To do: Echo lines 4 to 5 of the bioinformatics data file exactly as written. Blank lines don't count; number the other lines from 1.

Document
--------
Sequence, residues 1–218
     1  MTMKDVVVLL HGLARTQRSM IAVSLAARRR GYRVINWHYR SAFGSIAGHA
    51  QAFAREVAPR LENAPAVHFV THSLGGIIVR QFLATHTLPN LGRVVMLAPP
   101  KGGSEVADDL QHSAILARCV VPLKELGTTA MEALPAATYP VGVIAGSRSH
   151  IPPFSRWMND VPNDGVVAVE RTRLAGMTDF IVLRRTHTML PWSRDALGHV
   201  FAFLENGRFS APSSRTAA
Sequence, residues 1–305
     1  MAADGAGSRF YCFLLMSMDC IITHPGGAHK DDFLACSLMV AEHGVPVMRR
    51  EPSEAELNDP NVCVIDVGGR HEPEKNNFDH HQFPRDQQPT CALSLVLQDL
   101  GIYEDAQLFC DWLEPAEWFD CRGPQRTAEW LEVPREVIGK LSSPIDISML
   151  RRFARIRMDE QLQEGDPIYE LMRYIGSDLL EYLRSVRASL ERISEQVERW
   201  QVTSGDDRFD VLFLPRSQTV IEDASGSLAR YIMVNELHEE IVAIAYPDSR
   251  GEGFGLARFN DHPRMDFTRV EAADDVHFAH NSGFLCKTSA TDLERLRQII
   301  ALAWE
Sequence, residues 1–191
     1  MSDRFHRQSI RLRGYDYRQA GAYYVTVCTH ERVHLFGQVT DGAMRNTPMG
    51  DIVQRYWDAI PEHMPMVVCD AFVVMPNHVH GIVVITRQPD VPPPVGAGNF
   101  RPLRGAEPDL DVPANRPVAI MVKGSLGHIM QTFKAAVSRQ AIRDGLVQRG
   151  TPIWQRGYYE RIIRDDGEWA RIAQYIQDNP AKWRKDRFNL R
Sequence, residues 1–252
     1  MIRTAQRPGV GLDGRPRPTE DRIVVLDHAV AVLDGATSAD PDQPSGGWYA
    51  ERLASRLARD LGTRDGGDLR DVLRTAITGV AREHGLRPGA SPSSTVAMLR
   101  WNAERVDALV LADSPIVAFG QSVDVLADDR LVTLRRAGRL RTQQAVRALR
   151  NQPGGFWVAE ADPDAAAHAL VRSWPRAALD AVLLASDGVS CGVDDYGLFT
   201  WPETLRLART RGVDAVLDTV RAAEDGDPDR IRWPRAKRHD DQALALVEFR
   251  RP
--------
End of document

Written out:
   101  KGGSEVADDL QHSAILARCV VPLKELGTTA MEALPAATYP VGVIAGSRSH
   151  IPPFSRWMND VPNDGVVAVE RTRLAGMTDF IVLRRTHTML PWSRDALGHV